Another juggernaut in the budding industry of AI editorial applications, Scribendi AI offers a somewhat more targeted approach to their product. Although Scribendi AI is missing some of the bells and whistles on offer from its competitors, such as plagiarism detection, it does have an extensive library of words and phrases against which it can check manuscripts for inconsistencies and grammatical errors. This makes Scribendi AI one of the best grammar checkers on offer. So, Scribendi AI could be a good place to start for editors looking to dip their toes in the AI pool without investing a great deal of money or time setting up their editorial preferences.



Another great tool for corporate writers and other writers whose work often sees several rounds of revision, Draftsmith seeks to cut down editorial working time by streamlining the process. The application targets a variety of common elements that editors often seek to improve, such as simplifying language, reducing wordiness, and increasing reader engagement by modifying tone.

Although Draftsmith would be a great tool in any writer’s or editor’s toolkit, its true focus is on corporate writing, so academic or fiction writers may find other editorial AI options on offer more appealing.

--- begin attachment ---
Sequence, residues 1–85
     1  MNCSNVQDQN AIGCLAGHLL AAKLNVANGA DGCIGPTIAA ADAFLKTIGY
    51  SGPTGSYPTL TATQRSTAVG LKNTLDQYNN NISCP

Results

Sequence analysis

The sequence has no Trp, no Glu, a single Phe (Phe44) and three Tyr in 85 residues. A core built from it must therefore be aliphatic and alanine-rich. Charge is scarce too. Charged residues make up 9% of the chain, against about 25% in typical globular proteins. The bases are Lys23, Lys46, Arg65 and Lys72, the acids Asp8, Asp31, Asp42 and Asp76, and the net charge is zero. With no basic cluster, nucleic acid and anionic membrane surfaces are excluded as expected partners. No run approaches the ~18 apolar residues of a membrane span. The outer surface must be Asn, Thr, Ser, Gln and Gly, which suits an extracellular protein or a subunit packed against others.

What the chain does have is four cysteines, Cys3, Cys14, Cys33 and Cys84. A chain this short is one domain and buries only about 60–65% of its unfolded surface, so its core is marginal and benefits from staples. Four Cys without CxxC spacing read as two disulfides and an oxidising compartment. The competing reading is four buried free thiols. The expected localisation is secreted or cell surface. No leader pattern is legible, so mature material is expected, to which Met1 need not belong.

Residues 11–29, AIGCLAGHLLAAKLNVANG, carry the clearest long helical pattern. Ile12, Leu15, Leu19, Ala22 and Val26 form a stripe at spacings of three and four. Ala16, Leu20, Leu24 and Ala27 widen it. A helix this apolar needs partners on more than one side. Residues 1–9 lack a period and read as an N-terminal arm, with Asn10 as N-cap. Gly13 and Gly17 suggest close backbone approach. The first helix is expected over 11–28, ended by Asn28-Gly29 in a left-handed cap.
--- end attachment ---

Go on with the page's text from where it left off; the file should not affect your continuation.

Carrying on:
I found Marlowe particularly interesting because it—sorry, “she”—is specifically designed to critique fiction manuscripts. And, critique she can: Marlowe can generate a detailed 32-page report on a manuscript in a matter of seconds. This report contains information and suggestions about the manuscript’s pacing, characterization, plot organization, repeated words and phrases, and much more. Marlowe even compares your manuscript to other novels, including current bestsellers, that she thinks are similar to your manuscript.

Both Basic and Pro plans are available for download, or authors can choose to submit their manuscripts for review for $45 a pop. The Basic plan is free but only offers users basic reports, which leave out a variety of useful statistics, including a pacing analysis.


PerfectIt: A Powered-Up Editing Tool, but Not AI